F-22 Raptor retirement in 2030 not likely as USAF plans to spend $7.8 Billion through fiscal year 2029

F-22 Raptor retirement in 2030 not likely as USAF plans to spend $7.8 Billion through fiscal year 2029

By Dario Leone
Mar 28 2024
Share this article

F-22 Raptor retirement

As already reported, Speaking during the McAleese FY2022 Defense Programs Conference Gen. Charles Q. Brown Jr., Air Force Chief of Staff, said on May 12, 2021 that the US Air Force (USAF) would have cut its fighter inventory from seven fleets to four, and the F-22 is not on his short list.

Asked to clarify, an Air Force spokesperson said Brown was thinking very long-term and in the context of “a very small fleet,” which will become increasingly hard to support, especially as it passes the 25-year age mark in 2030. The F-22 would “eventually” retire from the inventory, she said, noting the F-22’s likely successor will be the Next Generation Air Dominance (NGAD).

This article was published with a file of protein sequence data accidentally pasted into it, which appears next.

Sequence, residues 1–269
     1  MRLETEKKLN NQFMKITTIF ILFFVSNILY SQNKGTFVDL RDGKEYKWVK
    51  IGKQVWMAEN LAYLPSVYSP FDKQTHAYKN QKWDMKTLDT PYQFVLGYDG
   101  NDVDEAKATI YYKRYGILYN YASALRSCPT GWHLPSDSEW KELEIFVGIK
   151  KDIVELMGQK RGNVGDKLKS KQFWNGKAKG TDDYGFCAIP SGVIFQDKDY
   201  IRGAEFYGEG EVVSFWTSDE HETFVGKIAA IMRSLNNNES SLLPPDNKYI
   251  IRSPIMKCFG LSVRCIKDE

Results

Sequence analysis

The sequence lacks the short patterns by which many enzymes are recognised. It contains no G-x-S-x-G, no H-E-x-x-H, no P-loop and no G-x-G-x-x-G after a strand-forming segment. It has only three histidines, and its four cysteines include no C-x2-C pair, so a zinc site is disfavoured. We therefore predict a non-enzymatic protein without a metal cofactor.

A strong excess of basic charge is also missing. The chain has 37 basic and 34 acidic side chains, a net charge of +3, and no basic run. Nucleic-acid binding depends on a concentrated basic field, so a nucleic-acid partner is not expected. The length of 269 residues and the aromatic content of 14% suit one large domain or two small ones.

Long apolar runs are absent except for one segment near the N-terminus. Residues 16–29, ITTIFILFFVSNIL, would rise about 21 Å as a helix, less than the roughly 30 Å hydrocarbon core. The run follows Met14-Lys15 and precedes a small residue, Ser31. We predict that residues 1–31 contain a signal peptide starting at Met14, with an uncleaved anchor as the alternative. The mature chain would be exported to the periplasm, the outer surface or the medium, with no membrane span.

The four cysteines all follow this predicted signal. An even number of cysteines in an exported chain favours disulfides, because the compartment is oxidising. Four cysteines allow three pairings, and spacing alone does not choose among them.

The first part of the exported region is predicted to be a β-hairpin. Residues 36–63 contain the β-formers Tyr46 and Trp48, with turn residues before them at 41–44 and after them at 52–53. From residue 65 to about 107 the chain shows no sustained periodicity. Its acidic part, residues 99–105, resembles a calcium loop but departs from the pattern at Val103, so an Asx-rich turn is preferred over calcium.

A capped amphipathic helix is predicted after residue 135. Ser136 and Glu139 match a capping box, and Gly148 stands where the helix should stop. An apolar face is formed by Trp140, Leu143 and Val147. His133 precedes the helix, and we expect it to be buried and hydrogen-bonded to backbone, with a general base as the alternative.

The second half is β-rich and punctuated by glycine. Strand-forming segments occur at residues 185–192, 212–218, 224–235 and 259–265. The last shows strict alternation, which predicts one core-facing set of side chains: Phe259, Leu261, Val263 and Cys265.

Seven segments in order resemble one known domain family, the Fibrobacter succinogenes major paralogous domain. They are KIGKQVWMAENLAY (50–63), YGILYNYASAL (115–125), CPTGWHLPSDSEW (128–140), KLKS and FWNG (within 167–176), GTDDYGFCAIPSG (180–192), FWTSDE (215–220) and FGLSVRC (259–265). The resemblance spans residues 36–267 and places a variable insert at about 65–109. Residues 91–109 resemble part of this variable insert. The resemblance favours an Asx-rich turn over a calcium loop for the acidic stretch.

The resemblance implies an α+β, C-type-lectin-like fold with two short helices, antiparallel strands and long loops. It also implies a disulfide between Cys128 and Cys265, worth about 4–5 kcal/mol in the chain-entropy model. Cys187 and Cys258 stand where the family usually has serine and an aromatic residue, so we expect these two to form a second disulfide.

F-22 Raptor retirement in 2030 not likely

But now the USAF seems to be rethinking its plan to start retiring the F-22 around 2030, as its planned Raptor budget through fiscal year 2029 includes $4.7 billion for procurement and $3.1 for research, development, test, and evaluation (RDT&E), for a total of $7.8 billion. As reported by Air & Space Forces Magazine although the RDT&E line closes out in FY29, procurement beyond that date—labeled “to completion” in service’s fiscal 2025 budget request documents—comes to $1.2 billion.

Secretary of the Air Force Frank Kendall reveals that the USAF Plans to buy 200 NGAD Fighter Jets and 1,000 Collaborative Combat Aircraft
 Next Generation Air Dominance (NGAD) fighter rendering